19 But Jews came from Antioch and Iconium, and having persuaded the crowds, they stoned Paul and dragged him out of the city, supposing that he was dead. 20 But when the disciples gathered about him, he rose up and entered the city, and on the next day he went on with Barnabas to Derbe. 21 When they had preached the gospel to that city and had made many disciples, they returned to Lystra and to Iconium and to Antioch, 22 strengthening the souls of the disciples, encouraging them to continue in the faith, and saying that through many tribulations we must enter the kingdom of God. 23 And when they had appointed elders for them in every church, with prayer and fasting they committed them to the Lord in whom they had believed.
The story of Paul at Lystra in Acts 14 is one of the most fascinating accounts that we read in the Book of Acts, though I seldom hear it taught. In verses 8-18, we learn that, while traveling with Barnabas, Paul, by the power of God, heals a man. The miracle stirs the people of Lystra up so much that they assume that the gods had come down to earth in human form. The people think Barnabas is Zeus, because he does not speak, and they call Paul Hermes, because he appears to be the spokesman.
Things get even crazier when the people actually bring in the priest of Zeus to offer a sacrifice to Barnabas. Of course, Paul and Barnabas do everything they can to put a stop to this foolishness. They tear their clothes, signifying that they are horrified, and run into the crowds telling everybody that they are ordinary men who happen to be carrying the message of the one true God.
Then things get even crazier than before. Other men arrive and stir the crowds up against Paul and Barnabas. That same group that was just about to hail the evangelists as deities suddenly turns, drags Paul out of the city, stones him, and leaves him for dead. They actually go from wanting to worship Paul to trying to crack his skull with big rocks in just a few moments.
What is stunning to me, however, is what happens next. Paul isn’t dead. His friends get him out from under the rock pile and dust him off. Then Paul walks right back into the city of Lystra. You know the guys were thinking, “Paul, you might have taken one too many of those rocks to the noggin; they just tried to kill you in Lystra. Let’s go somewhere else.” But Paul had none of it. He went back into Lystra. He then went to the surrounding towns and even made a return visit to Lystra before moving on.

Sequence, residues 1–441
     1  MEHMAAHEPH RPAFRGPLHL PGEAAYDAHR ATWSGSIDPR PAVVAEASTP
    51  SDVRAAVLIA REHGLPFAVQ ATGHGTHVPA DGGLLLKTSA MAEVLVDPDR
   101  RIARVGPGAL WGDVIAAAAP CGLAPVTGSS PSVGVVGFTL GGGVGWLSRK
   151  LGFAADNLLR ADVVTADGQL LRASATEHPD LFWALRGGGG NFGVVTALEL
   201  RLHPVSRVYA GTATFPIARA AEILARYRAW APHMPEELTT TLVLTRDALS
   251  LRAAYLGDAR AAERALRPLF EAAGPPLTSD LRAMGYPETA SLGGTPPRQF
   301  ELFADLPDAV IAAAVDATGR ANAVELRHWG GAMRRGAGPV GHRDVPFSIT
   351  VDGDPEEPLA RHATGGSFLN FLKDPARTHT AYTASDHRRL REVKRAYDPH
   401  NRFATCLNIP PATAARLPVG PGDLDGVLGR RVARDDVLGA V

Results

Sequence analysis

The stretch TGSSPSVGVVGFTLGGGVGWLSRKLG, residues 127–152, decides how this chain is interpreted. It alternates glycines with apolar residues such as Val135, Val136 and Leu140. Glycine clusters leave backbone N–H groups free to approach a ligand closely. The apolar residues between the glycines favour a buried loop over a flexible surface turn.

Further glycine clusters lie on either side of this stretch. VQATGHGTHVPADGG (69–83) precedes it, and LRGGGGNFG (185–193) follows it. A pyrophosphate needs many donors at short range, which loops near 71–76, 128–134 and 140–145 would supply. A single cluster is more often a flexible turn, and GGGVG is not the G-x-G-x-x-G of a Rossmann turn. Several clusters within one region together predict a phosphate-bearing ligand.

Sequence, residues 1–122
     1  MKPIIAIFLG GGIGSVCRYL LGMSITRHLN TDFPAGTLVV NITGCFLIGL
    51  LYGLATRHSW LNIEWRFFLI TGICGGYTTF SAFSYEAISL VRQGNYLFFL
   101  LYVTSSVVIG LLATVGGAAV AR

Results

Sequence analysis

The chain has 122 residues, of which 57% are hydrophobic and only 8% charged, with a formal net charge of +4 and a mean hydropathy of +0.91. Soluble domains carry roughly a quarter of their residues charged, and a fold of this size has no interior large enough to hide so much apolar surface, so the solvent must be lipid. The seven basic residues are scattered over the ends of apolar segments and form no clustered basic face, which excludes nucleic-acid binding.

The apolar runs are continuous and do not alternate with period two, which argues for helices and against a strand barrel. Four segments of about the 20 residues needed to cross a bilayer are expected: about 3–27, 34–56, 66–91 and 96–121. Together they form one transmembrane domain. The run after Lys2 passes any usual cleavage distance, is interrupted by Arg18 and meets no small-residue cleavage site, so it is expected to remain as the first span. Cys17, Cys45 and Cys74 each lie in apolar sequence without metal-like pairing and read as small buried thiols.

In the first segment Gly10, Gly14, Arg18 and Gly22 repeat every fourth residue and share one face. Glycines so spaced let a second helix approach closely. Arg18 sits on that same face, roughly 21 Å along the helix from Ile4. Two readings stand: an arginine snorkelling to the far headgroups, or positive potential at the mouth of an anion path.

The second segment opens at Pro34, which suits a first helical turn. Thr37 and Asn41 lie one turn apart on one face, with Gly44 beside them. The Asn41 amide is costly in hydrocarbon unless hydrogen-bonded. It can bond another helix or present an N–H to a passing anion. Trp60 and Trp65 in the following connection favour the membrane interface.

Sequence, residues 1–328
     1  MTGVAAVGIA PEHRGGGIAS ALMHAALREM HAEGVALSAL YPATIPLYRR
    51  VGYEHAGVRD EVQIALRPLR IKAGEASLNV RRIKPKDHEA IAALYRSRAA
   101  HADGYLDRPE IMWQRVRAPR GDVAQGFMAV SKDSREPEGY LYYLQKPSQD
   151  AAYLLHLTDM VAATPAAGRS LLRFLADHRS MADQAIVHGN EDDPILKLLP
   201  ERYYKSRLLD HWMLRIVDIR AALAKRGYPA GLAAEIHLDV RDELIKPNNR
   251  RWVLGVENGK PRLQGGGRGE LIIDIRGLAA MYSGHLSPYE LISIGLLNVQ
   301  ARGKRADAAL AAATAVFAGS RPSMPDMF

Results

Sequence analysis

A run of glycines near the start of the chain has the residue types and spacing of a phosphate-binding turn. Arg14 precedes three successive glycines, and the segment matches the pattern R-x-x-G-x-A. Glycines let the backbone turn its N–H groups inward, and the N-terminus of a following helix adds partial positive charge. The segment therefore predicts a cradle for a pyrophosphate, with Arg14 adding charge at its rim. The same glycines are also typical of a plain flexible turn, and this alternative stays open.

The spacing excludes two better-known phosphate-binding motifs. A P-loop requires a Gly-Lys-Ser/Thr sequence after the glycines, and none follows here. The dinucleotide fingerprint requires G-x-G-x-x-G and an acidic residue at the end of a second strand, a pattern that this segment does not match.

Now, let me add one more piece of data from Acts 16. Sometime later, Paul made yet another visit to Lystra on a different missionary journey. Here is what happened:
1 Paul came also to Derbe and to Lystra. A disciple was there, named Timothy, the son of a Jewish woman who was a believer, but his father was a Greek. 2 He was well spoken of by the brothers at Lystra and Iconium. 3 Paul wanted Timothy to accompany him, and he took him and circumcised him because of the Jews who were in those places, for they all knew that his father was a Greek.
When Paul returns to Lystra this time, he meets a young man who has come to Christ and who is eager to serve him. Paul picks up a follower in Lystra named Timothy. Of course you know, if you know the bible, that Paul’s young friend Timothy would be as dear as a son to Paul. Timothy would be a true help and encouragement to Paul, even to Paul’s dying day. In one instance Paul described Timothy in this way:
19 I hope in the Lord Jesus to send Timothy to you soon, so that I too may be cheered by news of you. 20 For I have no one like him, who will be genuinely concerned for your welfare.
Don’t’ fail to connect the dots here. Paul walked back into a dangerous place, an uncomfortable place. He did so for the sake of the gospel. Eventually, Paul’s faithful service led to the conversion of Timothy, a friend like no other to Paul. If Paul runs from Lystra, Paul doesn’t gain Timothy to serve with.
What kinds of things make you turn from your own Lystra? Is it big stuff? Has someone hurt you, and so you aren’t going to have any more to do with them? Has a church member offended you, so you’re going to run to the next church down the street? Have you embarrassed yourself in front of someone, and so you are going to avoid them in the future? Or is it smaller? Is your favorite TV show on, so you are going to try to get out of that phone call with your non-Christian friend? Have you had a hard day at work, so maybe skipping tonight’s Bible study is in order?
Christians, I’m not going to try to promise you that every time you walk into a hard situation, you will gain an ally like Timothy for lifelong friendship. What I can promise you is this: When you do what God calls you to do, even when it is hard, God will be glorified and you will have joy. It may work well, or the people may throw rocks at you, but, if you are obeying the word of God, you will be doing something glorious.